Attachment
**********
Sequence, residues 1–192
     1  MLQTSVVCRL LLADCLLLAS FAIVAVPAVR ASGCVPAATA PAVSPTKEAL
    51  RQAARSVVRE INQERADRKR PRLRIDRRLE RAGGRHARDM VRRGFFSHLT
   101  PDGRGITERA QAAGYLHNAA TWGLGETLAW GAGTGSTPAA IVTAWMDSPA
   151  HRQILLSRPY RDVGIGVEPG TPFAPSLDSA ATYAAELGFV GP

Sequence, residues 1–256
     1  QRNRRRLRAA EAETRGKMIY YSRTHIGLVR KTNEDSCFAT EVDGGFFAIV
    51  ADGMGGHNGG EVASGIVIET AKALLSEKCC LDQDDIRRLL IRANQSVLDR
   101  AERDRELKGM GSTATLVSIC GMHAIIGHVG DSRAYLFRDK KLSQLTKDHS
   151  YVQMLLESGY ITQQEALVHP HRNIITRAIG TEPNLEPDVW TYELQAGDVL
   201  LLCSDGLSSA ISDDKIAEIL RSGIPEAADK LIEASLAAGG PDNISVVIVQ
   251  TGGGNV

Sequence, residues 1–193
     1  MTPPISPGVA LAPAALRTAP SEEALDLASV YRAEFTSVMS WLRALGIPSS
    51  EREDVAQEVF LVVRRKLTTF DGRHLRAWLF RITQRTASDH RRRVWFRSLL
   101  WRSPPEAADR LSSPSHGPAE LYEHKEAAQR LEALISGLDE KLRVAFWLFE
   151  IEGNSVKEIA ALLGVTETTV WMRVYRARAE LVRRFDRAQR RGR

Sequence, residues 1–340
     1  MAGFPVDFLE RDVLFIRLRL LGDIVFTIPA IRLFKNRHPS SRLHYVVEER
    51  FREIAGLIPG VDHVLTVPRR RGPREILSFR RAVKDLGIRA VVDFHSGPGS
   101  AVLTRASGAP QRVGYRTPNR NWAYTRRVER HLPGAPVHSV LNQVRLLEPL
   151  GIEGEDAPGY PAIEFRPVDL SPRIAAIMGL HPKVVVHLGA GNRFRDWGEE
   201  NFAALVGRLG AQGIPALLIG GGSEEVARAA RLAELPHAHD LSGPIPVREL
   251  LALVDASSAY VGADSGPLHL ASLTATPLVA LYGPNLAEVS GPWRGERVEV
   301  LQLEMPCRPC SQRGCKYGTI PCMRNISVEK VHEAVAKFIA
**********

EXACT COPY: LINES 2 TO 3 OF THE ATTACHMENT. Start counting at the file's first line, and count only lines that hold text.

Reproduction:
     1  MLQTSVVCRL LLADCLLLAS FAIVAVPAVR ASGCVPAATA PAVSPTKEAL
    51  RQAARSVVRE INQERADRKR PRLRIDRRLE RAGGRHARDM VRRGFFSHLT